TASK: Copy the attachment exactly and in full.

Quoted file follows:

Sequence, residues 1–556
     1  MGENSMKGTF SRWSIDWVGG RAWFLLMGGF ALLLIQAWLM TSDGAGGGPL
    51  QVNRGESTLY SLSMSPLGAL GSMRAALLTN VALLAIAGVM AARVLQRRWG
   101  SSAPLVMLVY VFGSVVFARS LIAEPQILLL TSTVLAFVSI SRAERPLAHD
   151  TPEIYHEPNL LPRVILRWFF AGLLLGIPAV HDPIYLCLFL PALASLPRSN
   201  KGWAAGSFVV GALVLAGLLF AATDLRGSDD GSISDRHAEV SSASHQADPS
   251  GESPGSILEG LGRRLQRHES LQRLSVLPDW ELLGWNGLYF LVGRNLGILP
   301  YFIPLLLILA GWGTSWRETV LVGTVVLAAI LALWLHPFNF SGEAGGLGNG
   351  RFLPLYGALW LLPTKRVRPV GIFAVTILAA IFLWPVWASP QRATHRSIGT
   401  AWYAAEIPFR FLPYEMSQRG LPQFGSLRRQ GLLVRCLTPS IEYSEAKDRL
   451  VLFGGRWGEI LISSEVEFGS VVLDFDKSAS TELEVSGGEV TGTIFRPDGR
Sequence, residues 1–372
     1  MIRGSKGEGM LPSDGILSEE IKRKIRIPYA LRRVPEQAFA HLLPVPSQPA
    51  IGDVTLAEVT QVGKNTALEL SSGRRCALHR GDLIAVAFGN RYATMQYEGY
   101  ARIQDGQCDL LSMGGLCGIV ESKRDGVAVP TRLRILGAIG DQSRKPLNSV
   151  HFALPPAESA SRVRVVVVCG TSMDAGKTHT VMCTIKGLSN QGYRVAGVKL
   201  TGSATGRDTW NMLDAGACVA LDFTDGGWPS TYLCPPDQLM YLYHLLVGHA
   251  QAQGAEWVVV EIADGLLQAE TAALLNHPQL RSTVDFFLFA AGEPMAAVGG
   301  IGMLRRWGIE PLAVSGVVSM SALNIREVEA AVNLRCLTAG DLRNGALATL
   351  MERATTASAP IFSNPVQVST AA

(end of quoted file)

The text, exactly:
Sequence, residues 1–556
     1  MGENSMKGTF SRWSIDWVGG RAWFLLMGGF ALLLIQAWLM TSDGAGGGPL
    51  QVNRGESTLY SLSMSPLGAL GSMRAALLTN VALLAIAGVM AARVLQRRWG
   101  SSAPLVMLVY VFGSVVFARS LIAEPQILLL TSTVLAFVSI SRAERPLAHD
   151  TPEIYHEPNL LPRVILRWFF AGLLLGIPAV HDPIYLCLFL PALASLPRSN
   201  KGWAAGSFVV GALVLAGLLF AATDLRGSDD GSISDRHAEV SSASHQADPS
   251  GESPGSILEG LGRRLQRHES LQRLSVLPDW ELLGWNGLYF LVGRNLGILP
   301  YFIPLLLILA GWGTSWRETV LVGTVVLAAI LALWLHPFNF SGEAGGLGNG
   351  RFLPLYGALW LLPTKRVRPV GIFAVTILAA IFLWPVWASP QRATHRSIGT
   401  AWYAAEIPFR FLPYEMSQRG LPQFGSLRRQ GLLVRCLTPS IEYSEAKDRL
   451  VLFGGRWGEI LISSEVEFGS VVLDFDKSAS TELEVSGGEV TGTIFRPDGR
Sequence, residues 1–372
     1  MIRGSKGEGM LPSDGILSEE IKRKIRIPYA LRRVPEQAFA HLLPVPSQPA
    51  IGDVTLAEVT QVGKNTALEL SSGRRCALHR GDLIAVAFGN RYATMQYEGY
   101  ARIQDGQCDL LSMGGLCGIV ESKRDGVAVP TRLRILGAIG DQSRKPLNSV
   151  HFALPPAESA SRVRVVVVCG TSMDAGKTHT VMCTIKGLSN QGYRVAGVKL
   201  TGSATGRDTW NMLDAGACVA LDFTDGGWPS TYLCPPDQLM YLYHLLVGHA
   251  QAQGAEWVVV EIADGLLQAE TAALLNHPQL RSTVDFFLFA AGEPMAAVGG
   301  IGMLRRWGIE PLAVSGVVSM SALNIREVEA AVNLRCLTAG DLRNGALATL
   351  MERATTASAP IFSNPVQVST AA